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Re: print color escapes

On Thu, Jan 1, 2015 at 6:39 PM, Ray Andrews <rayandrews@xxxxxxxxxxx> wrote:
> I'm just realizing something that might not be true:  In the old days, it
> would have been the hardware terminal itself that interpreted these codes,
> but now, it's my 'terminal emulator', not the screen itself, which is why
> it's called an 'emulator'.  Correct?  And I can't believe I'm saying this,
> but too bad that these control characters are part of the data stream,
> there should have been a 'vi' insert vs. control mode.  One special char,
> and you're in control mode until you toggle out of it again.

The "hardware terminal" you refer to was itself a computer that executed
code. The only difference between it and the "terminal emulator" you're
likely using today is that the former was embedded in a piece of hardware
with a very narrow function whereas the modern terminal emulator (e.g.,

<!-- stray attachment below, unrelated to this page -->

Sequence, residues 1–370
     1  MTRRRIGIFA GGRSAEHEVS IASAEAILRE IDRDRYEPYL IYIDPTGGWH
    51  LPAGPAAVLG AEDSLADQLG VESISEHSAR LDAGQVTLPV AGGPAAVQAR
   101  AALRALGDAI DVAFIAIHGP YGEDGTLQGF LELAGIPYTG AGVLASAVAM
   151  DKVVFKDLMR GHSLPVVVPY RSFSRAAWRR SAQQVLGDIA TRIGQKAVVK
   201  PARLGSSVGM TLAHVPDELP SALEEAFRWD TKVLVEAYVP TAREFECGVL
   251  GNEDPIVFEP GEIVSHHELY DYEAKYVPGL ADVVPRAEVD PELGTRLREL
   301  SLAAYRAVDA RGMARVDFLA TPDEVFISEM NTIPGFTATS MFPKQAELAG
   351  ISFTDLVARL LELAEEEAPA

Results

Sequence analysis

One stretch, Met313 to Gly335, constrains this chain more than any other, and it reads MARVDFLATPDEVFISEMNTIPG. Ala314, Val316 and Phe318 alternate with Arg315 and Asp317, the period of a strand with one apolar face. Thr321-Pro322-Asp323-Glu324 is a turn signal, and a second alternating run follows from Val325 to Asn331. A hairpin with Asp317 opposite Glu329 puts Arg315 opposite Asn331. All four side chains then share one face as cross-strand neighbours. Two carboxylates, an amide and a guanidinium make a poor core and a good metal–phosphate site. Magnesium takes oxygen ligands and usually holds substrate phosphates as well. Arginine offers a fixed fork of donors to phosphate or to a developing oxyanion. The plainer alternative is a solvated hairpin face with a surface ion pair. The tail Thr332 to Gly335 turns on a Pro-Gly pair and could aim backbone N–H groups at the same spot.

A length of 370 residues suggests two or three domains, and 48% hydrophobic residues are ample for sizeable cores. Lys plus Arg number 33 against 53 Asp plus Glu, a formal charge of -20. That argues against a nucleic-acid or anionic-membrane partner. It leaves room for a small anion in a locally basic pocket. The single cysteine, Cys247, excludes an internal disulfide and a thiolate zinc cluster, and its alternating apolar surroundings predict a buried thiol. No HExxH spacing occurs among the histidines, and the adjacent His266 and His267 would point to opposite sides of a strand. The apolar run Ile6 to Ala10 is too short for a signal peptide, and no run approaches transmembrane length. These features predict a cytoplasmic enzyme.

iTerm2 that I use on Mac OS X) runs on a device with a very broad function.
But they both execute programs that recognize specific input sequences and
act accordingly (e.g., clearing the "screen").

The whole point of the ANSI X3.64 standard (as partially implemented by the
DEC VT100) was to implement  a vi style of insert versus control mode. The
CSI sequence (ESC [) switched the terminal from "insert" to "control" mode.
And once the control command (e.g., clear screen) was recognized and acted
upon the input mode reverted to "insert".

Kurtis Rader
Caretaker of the exceptional canines Junior and Hank

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